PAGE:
Chicken Clicker Training (or Clicker Training Anything Else, Too)

A brief description of how to use a clicker of positive reinforcement training of any behaviours.

I recently was asked by a house chicken web list that I am on to write a description of how to clicker train chickens.  They wanted to know how to train their chickens to use a litter box.  We can train parrots and house rabbits that way, but ... I am having some doubts about chickens and litter boxes.  But here goes, the following is what I posted, and applies to any animal, happy reading:
Clicker training is a very simple concept based on reward  based training.  A "click" - or a verbal reinforcer,  signifies what action or behaviour it is that you like and  is immediately followed by a treat.  It is imperative that  the treat be rewarding to the recipient; for instance, if you were trying to teach me Trigonometry in Arabic with white chocolate, no go.  But offer me dark chocolate,  we're there!  So make sure that you are working with what your chickens consider to be yummy.

Clickers can be procured at places like http://www.dogwise.com or party stores where you can buy them in bulk.  They and the verbal reward must ALWAYS be followed with a  treat, even if you click by mistake.  It is your contract to the training venue.  For instance, I used to have a very bad habit of holding a class dog's leash in the same hand as my clicker.  When they would pull, for some  reason, it always made my thumb click the clicker.  I did  not want pulling.  But I clicked.  So I would give them a  treat, and move the leash to the other hand.  Next time  they pulled - no click, no treat, but I was QUICK to click  and treat the NOT pulling as soon as they stopped.   Voila.  Training accomplished.

You start by "loading the clicker".  Take a handful of  treats, click, and then treat.  Your only goal is to make  the chicken aware that when she hears a click, she gets a  treat, and to associate the sound with the yummy. 

As soon as she is associating the noise with the treat and  eagerly looking at the treat delivering hand, you can  begin to shape behaviours.  You are basically just going  to pick something to reward and reinforce - it can be a  head turn to the left or right, a pecking action at the floor, it can be anything completely random.  You are  basically just teaching the chicken to learn to offer you  behaviours that you pick and choose that it can repeat for  rewards.  It can be a pro-po of nothing. For example, I  took my first Border Collie, Piper, out to the driveway to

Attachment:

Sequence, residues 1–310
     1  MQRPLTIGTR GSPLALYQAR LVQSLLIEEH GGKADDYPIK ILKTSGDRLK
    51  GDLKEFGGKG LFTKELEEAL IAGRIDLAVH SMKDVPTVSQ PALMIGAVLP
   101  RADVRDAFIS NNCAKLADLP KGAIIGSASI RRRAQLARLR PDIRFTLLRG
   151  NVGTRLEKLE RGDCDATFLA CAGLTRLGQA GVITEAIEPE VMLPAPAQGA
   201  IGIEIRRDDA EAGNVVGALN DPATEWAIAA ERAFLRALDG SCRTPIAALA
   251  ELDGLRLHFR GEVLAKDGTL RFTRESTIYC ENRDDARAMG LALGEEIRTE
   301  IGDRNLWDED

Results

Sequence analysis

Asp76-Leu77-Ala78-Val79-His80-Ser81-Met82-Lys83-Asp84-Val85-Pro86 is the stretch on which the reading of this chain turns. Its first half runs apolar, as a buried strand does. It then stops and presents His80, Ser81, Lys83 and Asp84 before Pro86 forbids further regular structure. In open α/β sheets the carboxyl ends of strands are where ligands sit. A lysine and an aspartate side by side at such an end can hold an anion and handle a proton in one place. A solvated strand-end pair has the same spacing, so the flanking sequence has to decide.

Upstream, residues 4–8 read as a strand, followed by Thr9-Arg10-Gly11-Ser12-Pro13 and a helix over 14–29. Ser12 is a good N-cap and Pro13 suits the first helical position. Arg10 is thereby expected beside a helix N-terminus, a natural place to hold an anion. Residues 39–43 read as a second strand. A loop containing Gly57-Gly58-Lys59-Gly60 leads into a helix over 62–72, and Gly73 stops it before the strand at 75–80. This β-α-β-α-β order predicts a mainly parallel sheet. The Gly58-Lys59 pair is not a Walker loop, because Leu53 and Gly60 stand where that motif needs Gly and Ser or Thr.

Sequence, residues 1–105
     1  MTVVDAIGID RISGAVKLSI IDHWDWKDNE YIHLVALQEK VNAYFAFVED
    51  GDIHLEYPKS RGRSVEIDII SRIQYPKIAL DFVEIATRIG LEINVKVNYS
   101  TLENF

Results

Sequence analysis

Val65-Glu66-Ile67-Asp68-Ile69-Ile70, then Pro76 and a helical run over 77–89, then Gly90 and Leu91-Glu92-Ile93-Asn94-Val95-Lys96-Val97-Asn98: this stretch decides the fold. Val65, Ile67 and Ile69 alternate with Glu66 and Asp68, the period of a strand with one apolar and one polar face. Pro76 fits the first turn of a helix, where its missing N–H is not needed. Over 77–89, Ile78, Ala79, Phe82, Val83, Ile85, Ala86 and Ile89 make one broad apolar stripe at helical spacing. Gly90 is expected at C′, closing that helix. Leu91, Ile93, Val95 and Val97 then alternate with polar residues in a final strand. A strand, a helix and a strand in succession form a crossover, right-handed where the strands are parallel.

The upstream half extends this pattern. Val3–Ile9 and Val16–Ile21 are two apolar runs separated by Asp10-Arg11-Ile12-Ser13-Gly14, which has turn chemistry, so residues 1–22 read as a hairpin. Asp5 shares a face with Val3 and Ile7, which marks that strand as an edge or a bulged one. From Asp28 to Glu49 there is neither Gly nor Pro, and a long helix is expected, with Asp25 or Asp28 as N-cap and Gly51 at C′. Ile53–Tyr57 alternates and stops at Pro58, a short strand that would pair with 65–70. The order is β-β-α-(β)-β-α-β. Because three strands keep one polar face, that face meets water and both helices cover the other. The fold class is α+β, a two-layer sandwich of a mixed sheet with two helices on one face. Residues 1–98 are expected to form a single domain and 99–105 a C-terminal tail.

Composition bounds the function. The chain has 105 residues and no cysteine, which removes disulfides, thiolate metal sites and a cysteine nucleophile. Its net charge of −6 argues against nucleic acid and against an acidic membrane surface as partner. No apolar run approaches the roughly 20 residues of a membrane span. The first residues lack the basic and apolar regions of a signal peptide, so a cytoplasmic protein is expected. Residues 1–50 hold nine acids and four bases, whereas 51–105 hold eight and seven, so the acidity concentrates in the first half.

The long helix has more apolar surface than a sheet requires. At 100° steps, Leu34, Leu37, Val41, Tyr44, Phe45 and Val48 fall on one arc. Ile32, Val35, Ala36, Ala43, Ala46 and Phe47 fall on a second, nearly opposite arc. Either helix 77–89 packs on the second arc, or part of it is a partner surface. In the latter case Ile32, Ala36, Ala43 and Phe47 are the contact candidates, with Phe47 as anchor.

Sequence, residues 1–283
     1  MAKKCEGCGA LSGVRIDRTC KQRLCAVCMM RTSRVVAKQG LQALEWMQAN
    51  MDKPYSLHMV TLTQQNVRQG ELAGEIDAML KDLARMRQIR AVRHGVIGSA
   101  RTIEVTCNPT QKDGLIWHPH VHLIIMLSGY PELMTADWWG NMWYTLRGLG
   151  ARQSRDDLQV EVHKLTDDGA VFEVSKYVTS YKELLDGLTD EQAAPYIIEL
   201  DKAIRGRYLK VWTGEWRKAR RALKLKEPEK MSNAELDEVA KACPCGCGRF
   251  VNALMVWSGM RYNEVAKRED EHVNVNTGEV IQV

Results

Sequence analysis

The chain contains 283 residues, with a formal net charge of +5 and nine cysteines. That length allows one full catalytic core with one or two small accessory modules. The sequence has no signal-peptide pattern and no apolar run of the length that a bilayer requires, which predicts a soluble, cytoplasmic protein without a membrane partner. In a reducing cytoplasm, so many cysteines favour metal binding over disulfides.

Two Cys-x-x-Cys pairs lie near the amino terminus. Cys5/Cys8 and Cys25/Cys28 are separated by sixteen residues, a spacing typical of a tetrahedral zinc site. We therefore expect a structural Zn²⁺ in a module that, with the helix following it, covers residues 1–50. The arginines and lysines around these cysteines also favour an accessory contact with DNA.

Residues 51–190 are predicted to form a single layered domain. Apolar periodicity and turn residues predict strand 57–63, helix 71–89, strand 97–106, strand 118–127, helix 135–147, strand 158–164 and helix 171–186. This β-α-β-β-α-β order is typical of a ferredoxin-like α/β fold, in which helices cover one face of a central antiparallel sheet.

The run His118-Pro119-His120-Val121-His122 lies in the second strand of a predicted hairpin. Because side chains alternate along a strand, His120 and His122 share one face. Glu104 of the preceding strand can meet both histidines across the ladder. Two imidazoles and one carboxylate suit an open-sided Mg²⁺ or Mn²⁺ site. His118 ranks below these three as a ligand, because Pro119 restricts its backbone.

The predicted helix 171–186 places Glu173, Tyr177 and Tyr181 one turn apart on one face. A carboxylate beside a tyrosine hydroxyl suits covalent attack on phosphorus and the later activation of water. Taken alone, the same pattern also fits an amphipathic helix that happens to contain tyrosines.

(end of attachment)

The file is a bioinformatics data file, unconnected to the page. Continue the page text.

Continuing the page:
teach him clicker training.  He was a $4,500 dog already  trained in Canada goose management, but I wanted to teach  him to learn to learn.  As I was sorting my treats, I  dropped one on the ground.  He looked down. 

 I clicked.  I  instantly had a downward glancing dog.

Then a squirrel ran by and he glanced left.  Now I had two  behaviours.

Before we were done, I had a dog that looked left, looked  right, looked
down, looked down and held his head down  (Mom?  You liked this before but I am not getting a treat,  should I hold this downward look a little longer for you  to notice?), and bobbed his head looking down twice (Mom?   You liked it the first time, how 'bout twice?).  That  training session lastedall of 5 - 10 minutes.

As far as clicker training to use a litter box, honestly,  I am not sure
that is possible.  The way the chickens'  alimentary tract is set up makes
frequent defecation a  biological norm.  But we might want to bring in
Barbara  Heidenreich, parrot expert, to this discussion, because  parrots
can be potty trained, but psittacines are  very different from chickens.
One also runs a risk of a  parrot "over-holding" itself and getting
impacted.  Check  out her training website at:



I have taught bunny obedience  classes for rescue house rabbits, and
they can be potty  trained, and I will be training an African Crested
Porcupine next Monday night (different issue) but I am  just not certain
that chickens can be litter box trained,  I would love it if anyone had any input to the contrary.

I hope this helps, ask any questions away!
Have fun, hug your chookies,

This post is contributed by a community member. The views expressed in this blog are those of the author and do not necessarily reflect those of Patch Media Corporation. Everyone is welcome to submit a post to Patch. If you'd like to post a blog, go here to get started.


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